Projects within this category are primarily used by developers as the building blocks for “DApps” or decentralized applications.
Blockchain 2.0: Introducing Ethereum
Blockchain applications which go beyond just supporting a digital currency are often referred to as Blockchain 2.0.
Blockchain technology was first introduced by Bitcoin as a way to keep track of digital cash ownership in a tamper proof way through a shared ledger.
Many soon realized however that the technology was not limited to a peer to peer digital cash system, it could be used to store any information of value.
This opened blockchain technology to a plethora of use cases beyond digital currencies.
Ethereum was announced at the North American Bitcoin Conference in early 2014 by Vitalik Buterin who had written a whitepaper the previous year.
The development of the platform was funded through a wildly successful crowdsale in the summer of 2014 and Ethereum went live on July 30th, 2015.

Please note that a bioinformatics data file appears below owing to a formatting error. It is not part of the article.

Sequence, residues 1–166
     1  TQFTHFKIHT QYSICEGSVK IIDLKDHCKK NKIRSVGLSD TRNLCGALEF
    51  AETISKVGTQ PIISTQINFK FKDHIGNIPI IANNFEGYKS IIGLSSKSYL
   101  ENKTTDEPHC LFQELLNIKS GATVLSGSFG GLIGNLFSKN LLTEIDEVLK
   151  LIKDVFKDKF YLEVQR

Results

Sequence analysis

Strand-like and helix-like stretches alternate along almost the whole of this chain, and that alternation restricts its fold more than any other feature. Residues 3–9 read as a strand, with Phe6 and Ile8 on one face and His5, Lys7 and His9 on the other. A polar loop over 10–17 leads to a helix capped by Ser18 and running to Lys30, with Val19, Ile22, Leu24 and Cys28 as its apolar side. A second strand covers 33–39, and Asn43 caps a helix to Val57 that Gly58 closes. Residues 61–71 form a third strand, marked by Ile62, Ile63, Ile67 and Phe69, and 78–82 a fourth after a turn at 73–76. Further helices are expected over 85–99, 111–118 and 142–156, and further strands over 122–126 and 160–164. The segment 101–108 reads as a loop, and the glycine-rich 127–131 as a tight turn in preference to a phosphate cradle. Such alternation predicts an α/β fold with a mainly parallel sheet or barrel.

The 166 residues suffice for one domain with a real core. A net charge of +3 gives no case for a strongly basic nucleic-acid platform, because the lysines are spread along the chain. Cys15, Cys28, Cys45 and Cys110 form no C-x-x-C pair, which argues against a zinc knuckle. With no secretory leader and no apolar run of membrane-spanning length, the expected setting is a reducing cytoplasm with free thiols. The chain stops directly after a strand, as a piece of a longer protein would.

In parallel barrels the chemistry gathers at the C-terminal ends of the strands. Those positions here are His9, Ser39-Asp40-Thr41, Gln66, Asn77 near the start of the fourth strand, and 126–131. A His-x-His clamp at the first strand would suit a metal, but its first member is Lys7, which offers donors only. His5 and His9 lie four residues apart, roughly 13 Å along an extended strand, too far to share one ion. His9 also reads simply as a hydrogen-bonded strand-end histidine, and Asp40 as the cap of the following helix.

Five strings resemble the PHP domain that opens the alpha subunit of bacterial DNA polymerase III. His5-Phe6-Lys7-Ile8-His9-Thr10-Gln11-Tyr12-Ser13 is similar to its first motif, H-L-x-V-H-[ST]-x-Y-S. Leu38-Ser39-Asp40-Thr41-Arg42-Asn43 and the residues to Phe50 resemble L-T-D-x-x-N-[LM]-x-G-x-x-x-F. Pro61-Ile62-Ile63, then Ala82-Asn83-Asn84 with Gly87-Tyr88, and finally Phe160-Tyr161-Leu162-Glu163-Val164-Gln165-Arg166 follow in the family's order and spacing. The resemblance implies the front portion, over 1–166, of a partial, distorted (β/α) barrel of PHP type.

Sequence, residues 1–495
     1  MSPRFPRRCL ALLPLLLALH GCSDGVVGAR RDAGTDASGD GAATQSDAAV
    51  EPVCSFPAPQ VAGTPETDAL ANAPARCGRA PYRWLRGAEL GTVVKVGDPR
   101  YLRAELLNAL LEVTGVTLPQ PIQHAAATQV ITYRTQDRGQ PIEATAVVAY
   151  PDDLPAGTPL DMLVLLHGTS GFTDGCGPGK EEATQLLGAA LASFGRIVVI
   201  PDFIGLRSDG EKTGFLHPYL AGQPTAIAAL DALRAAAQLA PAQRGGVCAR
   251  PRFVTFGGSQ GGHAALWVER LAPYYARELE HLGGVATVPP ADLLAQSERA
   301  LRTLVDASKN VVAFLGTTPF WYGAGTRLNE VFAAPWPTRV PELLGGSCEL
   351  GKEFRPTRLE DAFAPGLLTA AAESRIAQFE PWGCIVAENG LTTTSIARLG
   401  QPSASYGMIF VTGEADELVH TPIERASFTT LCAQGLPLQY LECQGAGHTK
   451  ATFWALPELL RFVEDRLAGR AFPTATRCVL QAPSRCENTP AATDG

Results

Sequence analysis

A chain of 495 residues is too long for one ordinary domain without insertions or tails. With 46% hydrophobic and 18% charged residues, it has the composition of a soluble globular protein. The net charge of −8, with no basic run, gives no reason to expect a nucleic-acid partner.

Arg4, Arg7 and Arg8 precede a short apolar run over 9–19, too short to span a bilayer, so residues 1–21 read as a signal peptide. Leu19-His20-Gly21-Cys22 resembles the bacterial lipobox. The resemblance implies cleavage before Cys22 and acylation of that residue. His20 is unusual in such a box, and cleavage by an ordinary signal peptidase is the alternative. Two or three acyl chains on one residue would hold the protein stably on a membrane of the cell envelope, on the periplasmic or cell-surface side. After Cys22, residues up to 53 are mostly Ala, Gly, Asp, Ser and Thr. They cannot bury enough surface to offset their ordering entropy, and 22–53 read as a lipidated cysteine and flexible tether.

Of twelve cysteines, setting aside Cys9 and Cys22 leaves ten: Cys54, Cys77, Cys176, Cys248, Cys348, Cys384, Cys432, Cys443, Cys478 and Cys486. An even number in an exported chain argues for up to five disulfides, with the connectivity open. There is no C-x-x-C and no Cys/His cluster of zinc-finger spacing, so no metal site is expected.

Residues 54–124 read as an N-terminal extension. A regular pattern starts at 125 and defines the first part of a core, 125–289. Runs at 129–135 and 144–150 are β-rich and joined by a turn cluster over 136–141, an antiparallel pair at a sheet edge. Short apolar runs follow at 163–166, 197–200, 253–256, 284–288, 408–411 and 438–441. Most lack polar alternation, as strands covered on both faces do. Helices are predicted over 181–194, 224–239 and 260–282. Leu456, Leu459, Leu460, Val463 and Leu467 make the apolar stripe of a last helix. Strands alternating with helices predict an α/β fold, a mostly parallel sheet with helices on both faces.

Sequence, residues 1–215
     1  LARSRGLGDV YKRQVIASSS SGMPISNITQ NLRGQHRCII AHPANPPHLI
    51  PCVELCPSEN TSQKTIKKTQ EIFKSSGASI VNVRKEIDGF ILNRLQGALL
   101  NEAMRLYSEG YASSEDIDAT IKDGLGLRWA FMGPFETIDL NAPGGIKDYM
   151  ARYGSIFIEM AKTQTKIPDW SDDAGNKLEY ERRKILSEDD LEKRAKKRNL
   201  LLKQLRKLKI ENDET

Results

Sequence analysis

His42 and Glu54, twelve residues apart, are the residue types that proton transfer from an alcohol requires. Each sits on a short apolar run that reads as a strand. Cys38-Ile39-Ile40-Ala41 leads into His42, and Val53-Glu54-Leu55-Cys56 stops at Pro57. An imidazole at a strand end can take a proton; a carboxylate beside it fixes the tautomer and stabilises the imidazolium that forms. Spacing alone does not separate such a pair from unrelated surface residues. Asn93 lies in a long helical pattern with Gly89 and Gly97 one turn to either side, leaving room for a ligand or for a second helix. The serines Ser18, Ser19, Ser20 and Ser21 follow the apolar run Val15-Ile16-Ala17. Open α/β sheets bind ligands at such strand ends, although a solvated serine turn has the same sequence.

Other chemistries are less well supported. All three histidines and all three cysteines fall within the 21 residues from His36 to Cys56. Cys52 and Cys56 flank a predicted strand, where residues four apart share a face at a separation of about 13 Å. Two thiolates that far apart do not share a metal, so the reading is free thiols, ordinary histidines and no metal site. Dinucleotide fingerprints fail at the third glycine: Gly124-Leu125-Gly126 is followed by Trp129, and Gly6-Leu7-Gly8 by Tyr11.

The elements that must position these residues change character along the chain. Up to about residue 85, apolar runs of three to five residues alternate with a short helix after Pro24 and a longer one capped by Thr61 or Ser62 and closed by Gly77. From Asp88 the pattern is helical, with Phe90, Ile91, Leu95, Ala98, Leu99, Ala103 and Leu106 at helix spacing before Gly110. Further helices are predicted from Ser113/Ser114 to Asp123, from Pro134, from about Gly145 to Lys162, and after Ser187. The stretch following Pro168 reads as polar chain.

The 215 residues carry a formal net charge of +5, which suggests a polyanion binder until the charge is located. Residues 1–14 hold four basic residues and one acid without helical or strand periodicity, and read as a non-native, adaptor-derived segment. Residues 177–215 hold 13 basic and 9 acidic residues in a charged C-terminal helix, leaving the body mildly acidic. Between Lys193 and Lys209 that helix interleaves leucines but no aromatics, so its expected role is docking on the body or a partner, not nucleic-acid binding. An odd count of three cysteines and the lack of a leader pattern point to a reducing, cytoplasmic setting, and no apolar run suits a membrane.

While Bitcoin is created as an alternative to regular money and is thus a medium of payment transaction and store of value, Ethereum was developed as a platform which facilitates peer-to-peer smart contracts and applications via its own currency vehicle or token.
Ether is the native currency of the Ethereum ecosystem and is used to facilitate and monetize the working of Ethereum to enable developers to build and run distributed applications (ĐApps).
But Why Ethereum?
There are a plethora of platforms already within the developer stack each with their own particular advantages (and disadvantages), their own implementation language, smart contract language, consensus algorithms and target market.
They all solve for specific flavours of problems in their own unique way and you may well end up working with one of these blockchains in the future depending on the use case.
However, Ethereum is the de-facto entry point into the blockchain development world
The Ethereum network is growing rapidly
Ethernodes reports about 17,000 nodes running the Ethereum blockchain across six continents, making it the most decentralized blockchain platform in existence.
At its height on January 4, the network processed 1.3 million transactions in 24 hours.